Since the 1950s, medical communities have been facing with emerging and reemerging infectious diseases, and emerging pathogens are now considered to be a major microbiologic public health threat. In this review, we focus on bacterial emerging diseases and explore factors involved in their emergence as well as future challenges. We identified 26 major emerging and reemerging infectious diseases of bacterial origin; most of them originated either from an animal and are considered to be zoonoses or from water sources. Major contributing factors in the emergence of these bacterial infections are: (1) development of new diagnostic tools, such as improvements in culture methods, development of molecular techniques and implementation of mass spectrometry in microbiology; (2) increase in human exposure to bacterial pathogens as a result of sociodemographic and environmental changes; and (3) emergence of more virulent bacterial strains and opportunistic infections, especially affecting immunocompromised populations. A precise definition of their implications in human disease is challenging and requires the comprehensive integration of microbiological, clinical and epidemiologic aspects as well as the use of experimental models. It is now urgent to allocate financial resources to gather international data to provide a better understanding of the clinical relevance of these waterborne and zoonotic emerging diseases.

  17. Flexible Coupling for Angle Transducer

    Science.gov (United States)

    Mayo, R. A.

    1983-01-01

    Flexure strips ensure parallelism between input and output shafts. Coupling essentially gimbal mounting that behaves as four-bar linkage. Creates remote phantom pivot point that remains stationary for small displacements of coupling.

  18. Pathogen-induced conditioning of the primary xylem vessels - a prerequisite for the formation of bacterial emboli by Pectobacterium atrosepticum.

    Science.gov (United States)

    Gorshkov, V Y; Daminova, A G; Mikshina, P V; Petrova, O E; Ageeva, M V; Salnikov, V V; Gorshkova, T A; Gogolev, Y V

    2016-07-01

    Representatives of Pectobacterium genus are some of the most harmful phytopathogens in the world. In the present study, we have elucidated novel aspects of plant-Pectobacterium atrosepticum interactions. This bacterium was recently demonstrated to form specific 'multicellular' structures - bacterial emboli in the xylem vessels of infected plants. In our work, we showed that the process of formation of these structures includes the pathogen-induced reactions of the plant. The colonisation of the plant by P. atrosepticum is coupled with the release of a pectic polysaccharide, rhamnogalacturonan I, into the vessel lumen from the plant cell wall. This polysaccharide gives rise to a gel that serves as a matrix for bacterial emboli. P. atrosepticum-caused infection involves an increase of reactive oxygen species (ROS) levels in the vessels, creating the conditions for the scission of polysaccharides and modification of plant cell wall composition. Both the release of rhamnogalacturonan I and the increase in ROS precede colonisation of the vessels by bacteria and occur only in the primary xylem vessels, the same as the subsequent formation of bacterial emboli. Since the appearance of rhamnogalacturonan I and increase in ROS levels do not hamper the bacterial cells and form a basis for the assembly of bacterial emboli, these reactions may be regarded as part of the susceptible response of the plant. Bacterial emboli thus represent the products of host-pathogen integration, since the formation of these structures requires the action of both partners.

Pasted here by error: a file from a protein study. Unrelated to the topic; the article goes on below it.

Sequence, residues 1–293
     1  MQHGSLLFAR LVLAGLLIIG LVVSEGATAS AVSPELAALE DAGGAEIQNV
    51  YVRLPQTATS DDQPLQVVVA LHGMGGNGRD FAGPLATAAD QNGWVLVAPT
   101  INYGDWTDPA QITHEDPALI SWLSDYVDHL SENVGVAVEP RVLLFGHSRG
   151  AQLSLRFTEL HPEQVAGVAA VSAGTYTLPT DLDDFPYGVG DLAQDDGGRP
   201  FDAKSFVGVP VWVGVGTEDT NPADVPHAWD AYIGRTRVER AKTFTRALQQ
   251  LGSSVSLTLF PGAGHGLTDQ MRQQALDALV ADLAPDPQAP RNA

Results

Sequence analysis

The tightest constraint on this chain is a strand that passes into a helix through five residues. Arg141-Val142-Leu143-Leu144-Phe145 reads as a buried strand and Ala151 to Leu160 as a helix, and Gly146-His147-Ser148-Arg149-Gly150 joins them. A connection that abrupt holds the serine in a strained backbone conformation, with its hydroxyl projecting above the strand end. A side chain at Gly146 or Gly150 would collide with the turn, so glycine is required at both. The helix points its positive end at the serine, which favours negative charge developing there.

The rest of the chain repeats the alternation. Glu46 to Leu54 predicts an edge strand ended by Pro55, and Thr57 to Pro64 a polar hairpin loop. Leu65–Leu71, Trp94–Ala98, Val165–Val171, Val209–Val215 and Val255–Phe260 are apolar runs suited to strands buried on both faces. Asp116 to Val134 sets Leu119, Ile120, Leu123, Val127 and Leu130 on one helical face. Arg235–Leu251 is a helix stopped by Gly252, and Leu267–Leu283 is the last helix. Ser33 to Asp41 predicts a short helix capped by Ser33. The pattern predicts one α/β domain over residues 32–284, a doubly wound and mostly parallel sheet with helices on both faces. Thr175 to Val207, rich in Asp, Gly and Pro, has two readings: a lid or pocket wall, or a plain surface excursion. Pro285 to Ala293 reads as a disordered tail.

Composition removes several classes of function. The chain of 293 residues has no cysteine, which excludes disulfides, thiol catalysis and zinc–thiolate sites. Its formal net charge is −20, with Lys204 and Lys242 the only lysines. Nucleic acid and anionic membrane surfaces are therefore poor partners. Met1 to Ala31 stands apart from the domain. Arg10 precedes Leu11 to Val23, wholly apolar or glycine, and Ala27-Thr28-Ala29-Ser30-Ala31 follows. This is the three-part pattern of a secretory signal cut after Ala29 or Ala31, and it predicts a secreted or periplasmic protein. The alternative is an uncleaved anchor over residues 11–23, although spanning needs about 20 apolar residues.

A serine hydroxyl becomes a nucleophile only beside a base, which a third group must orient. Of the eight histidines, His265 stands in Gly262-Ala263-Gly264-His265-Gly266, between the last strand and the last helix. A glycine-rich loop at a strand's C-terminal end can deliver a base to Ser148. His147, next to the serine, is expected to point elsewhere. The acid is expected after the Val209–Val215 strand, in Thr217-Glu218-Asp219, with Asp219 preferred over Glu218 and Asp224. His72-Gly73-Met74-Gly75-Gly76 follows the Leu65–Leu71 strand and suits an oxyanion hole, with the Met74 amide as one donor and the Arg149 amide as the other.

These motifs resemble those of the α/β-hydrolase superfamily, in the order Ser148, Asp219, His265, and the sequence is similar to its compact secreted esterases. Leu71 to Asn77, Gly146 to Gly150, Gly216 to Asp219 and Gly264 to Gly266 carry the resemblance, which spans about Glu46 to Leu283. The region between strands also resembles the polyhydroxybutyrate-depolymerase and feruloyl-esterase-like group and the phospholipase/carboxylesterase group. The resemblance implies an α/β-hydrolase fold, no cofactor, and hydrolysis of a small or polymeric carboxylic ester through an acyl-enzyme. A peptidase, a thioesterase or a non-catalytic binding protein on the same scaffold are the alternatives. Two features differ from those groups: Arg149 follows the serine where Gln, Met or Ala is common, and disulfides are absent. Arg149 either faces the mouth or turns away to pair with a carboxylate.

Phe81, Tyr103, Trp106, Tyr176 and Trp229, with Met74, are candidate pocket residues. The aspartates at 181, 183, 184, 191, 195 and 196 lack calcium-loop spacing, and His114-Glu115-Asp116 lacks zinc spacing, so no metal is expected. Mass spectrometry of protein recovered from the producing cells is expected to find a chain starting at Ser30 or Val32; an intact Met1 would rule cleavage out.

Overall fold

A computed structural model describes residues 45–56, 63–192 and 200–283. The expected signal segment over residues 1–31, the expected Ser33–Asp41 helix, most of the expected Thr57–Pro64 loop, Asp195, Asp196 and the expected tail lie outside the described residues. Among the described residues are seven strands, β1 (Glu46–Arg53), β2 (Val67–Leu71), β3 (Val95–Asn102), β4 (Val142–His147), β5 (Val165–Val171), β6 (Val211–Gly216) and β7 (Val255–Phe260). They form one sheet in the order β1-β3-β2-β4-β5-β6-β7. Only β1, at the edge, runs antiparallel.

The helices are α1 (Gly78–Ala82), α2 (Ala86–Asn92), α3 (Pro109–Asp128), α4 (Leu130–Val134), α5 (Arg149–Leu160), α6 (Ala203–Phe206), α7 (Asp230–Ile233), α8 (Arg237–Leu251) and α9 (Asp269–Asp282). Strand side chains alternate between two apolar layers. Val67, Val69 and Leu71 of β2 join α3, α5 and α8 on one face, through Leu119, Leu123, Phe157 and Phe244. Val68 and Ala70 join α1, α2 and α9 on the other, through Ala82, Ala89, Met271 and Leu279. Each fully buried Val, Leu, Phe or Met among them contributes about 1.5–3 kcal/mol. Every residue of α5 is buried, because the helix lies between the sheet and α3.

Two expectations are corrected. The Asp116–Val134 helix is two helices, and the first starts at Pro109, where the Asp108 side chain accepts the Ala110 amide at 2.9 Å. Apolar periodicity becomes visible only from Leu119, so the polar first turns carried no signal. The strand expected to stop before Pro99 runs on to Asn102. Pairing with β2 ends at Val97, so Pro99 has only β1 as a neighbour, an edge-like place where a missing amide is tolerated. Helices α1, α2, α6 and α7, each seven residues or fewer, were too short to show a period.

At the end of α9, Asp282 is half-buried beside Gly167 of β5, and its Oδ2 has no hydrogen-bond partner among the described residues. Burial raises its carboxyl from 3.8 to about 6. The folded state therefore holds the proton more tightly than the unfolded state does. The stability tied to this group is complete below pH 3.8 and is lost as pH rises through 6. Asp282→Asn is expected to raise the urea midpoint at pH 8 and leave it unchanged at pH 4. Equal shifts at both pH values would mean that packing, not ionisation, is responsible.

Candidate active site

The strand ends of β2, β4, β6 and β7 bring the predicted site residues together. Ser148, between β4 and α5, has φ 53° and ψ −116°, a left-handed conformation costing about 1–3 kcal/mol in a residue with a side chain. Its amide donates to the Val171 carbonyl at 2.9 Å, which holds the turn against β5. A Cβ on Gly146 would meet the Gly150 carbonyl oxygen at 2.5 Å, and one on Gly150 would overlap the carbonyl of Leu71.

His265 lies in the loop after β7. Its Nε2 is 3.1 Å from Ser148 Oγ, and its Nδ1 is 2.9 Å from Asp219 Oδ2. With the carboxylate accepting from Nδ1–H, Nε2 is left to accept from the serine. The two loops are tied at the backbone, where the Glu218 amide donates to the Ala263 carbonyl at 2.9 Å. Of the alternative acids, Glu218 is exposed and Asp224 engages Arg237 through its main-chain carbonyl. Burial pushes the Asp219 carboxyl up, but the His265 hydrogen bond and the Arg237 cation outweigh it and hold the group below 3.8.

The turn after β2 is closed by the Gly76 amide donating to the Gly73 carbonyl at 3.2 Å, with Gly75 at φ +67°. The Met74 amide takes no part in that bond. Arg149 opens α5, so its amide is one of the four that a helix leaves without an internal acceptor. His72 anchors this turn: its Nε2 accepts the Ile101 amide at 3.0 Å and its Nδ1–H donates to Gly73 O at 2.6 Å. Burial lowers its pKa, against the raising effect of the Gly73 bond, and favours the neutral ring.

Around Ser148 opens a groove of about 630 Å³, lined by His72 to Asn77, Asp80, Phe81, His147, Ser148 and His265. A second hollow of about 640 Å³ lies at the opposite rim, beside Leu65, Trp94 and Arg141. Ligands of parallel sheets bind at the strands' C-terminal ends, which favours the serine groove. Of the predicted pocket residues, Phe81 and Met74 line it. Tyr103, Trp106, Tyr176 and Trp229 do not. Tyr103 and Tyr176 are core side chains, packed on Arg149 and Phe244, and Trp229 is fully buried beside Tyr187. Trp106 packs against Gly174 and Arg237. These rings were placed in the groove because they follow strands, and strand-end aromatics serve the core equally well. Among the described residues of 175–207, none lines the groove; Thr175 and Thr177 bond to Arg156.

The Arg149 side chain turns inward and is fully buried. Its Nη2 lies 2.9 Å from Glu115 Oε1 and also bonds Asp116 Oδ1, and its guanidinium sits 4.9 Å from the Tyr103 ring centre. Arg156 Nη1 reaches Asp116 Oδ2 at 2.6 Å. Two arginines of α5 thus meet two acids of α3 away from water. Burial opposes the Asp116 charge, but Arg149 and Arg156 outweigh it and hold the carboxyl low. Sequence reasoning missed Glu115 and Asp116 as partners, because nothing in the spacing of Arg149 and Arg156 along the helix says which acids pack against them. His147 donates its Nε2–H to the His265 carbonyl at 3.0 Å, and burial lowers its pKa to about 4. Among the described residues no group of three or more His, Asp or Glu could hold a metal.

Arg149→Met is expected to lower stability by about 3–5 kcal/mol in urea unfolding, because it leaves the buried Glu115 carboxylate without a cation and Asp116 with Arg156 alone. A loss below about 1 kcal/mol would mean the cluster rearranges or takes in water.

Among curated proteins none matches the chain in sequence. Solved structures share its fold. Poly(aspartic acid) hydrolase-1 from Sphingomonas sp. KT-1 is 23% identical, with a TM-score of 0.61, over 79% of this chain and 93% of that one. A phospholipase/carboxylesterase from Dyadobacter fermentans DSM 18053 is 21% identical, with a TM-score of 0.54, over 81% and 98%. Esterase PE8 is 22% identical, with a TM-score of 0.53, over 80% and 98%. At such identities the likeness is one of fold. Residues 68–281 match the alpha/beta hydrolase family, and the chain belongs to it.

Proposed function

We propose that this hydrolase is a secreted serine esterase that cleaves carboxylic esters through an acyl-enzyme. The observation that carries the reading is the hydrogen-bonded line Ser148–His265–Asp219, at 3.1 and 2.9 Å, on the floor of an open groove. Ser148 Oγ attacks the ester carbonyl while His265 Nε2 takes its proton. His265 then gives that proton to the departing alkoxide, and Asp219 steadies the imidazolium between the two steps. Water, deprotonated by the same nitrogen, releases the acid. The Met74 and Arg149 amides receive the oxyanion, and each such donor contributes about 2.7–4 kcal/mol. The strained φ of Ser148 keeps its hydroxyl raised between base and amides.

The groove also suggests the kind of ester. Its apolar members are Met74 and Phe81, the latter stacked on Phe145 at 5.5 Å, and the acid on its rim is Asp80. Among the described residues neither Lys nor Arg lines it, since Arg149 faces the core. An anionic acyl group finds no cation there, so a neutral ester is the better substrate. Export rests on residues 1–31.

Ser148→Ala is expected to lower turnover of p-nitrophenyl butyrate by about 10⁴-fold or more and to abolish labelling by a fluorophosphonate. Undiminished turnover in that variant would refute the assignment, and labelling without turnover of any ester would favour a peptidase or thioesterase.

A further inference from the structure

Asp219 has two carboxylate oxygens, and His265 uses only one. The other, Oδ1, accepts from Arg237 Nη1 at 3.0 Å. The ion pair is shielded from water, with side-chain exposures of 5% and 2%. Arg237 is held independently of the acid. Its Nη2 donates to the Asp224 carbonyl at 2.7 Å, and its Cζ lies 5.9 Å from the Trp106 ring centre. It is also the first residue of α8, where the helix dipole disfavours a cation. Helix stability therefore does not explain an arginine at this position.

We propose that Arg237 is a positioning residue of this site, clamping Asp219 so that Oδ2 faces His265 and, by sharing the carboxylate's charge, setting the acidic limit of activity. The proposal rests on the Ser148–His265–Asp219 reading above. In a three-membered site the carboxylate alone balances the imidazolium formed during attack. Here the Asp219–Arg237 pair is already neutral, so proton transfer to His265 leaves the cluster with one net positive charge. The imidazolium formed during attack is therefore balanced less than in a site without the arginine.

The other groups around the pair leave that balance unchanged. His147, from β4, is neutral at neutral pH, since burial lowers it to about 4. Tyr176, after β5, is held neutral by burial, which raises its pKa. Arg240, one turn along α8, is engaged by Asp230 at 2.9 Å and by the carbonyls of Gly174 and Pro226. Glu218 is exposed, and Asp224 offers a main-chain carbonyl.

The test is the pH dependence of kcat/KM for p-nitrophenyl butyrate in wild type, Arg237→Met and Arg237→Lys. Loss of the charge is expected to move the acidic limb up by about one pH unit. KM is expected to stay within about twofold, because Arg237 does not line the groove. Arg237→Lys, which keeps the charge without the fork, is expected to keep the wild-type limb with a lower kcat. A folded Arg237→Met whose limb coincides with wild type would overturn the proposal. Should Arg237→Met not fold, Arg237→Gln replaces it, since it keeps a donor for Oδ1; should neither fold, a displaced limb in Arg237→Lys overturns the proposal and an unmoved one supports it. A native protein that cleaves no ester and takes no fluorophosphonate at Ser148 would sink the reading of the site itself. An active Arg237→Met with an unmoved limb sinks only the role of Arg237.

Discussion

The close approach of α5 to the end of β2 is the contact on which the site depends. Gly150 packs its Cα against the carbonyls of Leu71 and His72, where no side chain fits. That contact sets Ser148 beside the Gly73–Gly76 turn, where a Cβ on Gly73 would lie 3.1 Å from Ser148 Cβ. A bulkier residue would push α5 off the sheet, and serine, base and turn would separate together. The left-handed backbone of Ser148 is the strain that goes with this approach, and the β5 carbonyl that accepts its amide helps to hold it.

19. Computer Aided Design of Couplings

    OpenAIRE

    2011-01-01

    The research work explores computer-aided approach to the design of ten different couplings, viza viz: flange, solid rigid, hollow rigid, old ham/ cross-sliding, pin type flexible, sleeve, seller cone/compression, split muff, pulley flange and fairbian’s lap-box couplings. The approach utilizesstandard design equations of these couplings and link them together in computer software todetermine the design parameters of the couplings. The work reviews the procedural stepsinvolved in the design o...

  20. Computer Aided Design of Couplings

    OpenAIRE

    2011-01-01

    The research work explores computer-aided approach to the design of ten different couplings, viz a viz: flange, solid rigid, hollow rigid, old ham/ cross-sliding, pin type flexible, sleeve, seller cone/ compression, split muff, pulley flange and fairbian’s lap-box couplings. The approach utilizes standard design equations of these couplings and link them together in computer software to determine the design parameters of the couplings. The work reviews the procedural steps involved in the des...

  1. Bacterial disproportionation of elemental sulfur coupled to chemical reduction of iron or manganese

    DEFF Research Database (Denmark)

    Thamdrup, Bo; Finster, Kai; Hansen, Jens Würgler;

    1993-01-01

    and pyrite was observed. The transformations were accompanied by growth of slightly curved, rod-shaped bacteria. The quantification of the products revealed that S was microbially disproportionated to sulfate and sulfide, as follows: 4S + 4H(2)O --> SO(4) + 3H(2)S + 2H. Subsequent chemical reactions between...... reduction of MnO(2) to Mn. Growth of small rod-shaped bacteria was observed. When incubated without MnO(2), the culture did not grow but produced small amounts of SO(4) and H(2)S at a ratio of 1:3, indicating again a disproportionation of S. The observed microbial disproportionation of S only proceeds...